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Case Law Details

Case Name : DCIT Vs BSE Ltd. (ITAT Mumbai)
Appeal Number : ITA No. 1048/Mum/2020
Date of Judgement/Order : 21/09/2021
Related Assessment Year : 2015-16

DCIT Vs BSE Ltd. (ITAT Mumbai)

Facts- Briefly the facts are, in course of assessment proceedings, the AO noticed that the assessee had claimed depreciation of Rs.1,14,26,646/- on a server taken on financial lease. Noticing that similar claim made by the assessee in Assessment Year 2012-13 was disallowed, the AO called upon the assessee to explain why similar disallowance should not be made. Though, the assessee objected to the proposed disallowance; however, the AO, relying upon the decision of Hon’ble Supreme Court in the case of ICDS Ltd, held that the assessee not being the owner of the asset, depreciation cannot be allowed. Though, the assessee contested the aforesaid disallowance before learned Commissioner of Income Tax (Appeals), however, it was unsuccessful.

Conclusion- Where assessee claimed depreciation on new server, storage and accessories procured during the year on lease and the assessee incurred cost of such asset and was also paying interest on lease; the assessee would be eligible to claim such depreciation.

FULL TEXT OF THE ORDER OF ITAT MUMBAI

1. By way of this appeal, the Assessing Officer has challenged correctness of the order dated 21st November 2019, passed by the learned CIT(A) in the matter of under section 143(3) of the Income Tax Act 1961, for the assessment year 2015-16.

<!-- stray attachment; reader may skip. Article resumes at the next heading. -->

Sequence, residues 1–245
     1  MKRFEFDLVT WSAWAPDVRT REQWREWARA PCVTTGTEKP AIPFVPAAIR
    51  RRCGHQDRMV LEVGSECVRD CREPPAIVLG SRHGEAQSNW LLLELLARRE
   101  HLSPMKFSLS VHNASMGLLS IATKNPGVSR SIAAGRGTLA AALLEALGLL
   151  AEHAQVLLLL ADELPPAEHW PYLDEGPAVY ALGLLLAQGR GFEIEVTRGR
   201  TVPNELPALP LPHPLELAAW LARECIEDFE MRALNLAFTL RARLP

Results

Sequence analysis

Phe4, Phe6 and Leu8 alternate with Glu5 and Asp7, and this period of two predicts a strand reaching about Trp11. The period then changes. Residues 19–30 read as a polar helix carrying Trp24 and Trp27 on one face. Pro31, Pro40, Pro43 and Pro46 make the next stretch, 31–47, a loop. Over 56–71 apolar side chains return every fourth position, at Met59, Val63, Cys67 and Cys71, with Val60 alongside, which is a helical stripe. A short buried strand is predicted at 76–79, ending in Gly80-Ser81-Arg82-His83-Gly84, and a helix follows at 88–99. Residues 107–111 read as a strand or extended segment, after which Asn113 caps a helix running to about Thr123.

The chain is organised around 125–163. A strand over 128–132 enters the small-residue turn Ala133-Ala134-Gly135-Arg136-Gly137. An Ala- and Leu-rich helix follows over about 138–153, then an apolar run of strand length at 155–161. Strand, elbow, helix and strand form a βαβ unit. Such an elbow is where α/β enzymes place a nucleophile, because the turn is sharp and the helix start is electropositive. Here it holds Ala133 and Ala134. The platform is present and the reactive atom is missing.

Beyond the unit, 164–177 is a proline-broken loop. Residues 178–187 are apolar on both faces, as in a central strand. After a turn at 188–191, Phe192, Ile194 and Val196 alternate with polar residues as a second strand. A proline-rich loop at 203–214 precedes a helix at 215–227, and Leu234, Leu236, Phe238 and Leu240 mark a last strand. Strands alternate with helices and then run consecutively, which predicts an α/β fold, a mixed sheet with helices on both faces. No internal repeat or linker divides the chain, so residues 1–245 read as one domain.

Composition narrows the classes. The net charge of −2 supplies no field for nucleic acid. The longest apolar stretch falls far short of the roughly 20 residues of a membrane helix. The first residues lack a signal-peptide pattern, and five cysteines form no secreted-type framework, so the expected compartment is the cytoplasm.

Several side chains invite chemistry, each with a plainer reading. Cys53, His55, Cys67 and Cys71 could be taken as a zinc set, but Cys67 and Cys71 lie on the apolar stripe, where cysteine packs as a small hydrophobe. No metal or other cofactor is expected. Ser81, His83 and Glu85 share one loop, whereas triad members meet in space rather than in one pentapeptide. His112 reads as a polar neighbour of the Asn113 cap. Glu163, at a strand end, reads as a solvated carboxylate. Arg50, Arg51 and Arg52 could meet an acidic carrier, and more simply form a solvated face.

2. Grievances raised by the appellant are as follows:-

1) “On the facts and. circumstances of the case and in law, the Ld.CIT(A) erred in following the previous ITAT order and holding that the AO has not recorded satisfactorily u/s. 14A(2), despite the AO discussing the assessee’s method am expressing his dissatisfaction on the method- employed by the assessee in Para 4.5. and 4.6 of the assessment order. “

2) “On the facts and circumstances of the case and in law, the Ld.CIT(A) has erred in not appreciating that from A.Y.2008-09, the disallowance u/s. 14A is required to be computed as per Rule 8D as held, by the Bombay High Court in Godrej & Boyce and the method adopted by the assessee is not a valid method. “

3) “On the facts and. circumstances of the case and in law, the Ld. ClT(A) erred in deleting the disallowance of depreciation on leased assets following the ITATs order in the assessee’s case for A. Y. 2012-13 without appreciating that the ownership of the assets in question on which, depreciation had been claimed lied with the lessor and therefore the entitlement of the concomitant benefits are attributable to the lessor and not to the assessee, “

4) “On the facts and circumstances of the case and in law, the Ld. ClT(A) erred in following the ITAT’s order in the assessee’s case for A.Y 2012-13 in which the assessee’s appeal was allowed only on the ground that the depreciation has been allowed in earlier year without appreciating that the case for each A.Y. is a different case for Income-tax purpose and has to be dealt with differently.”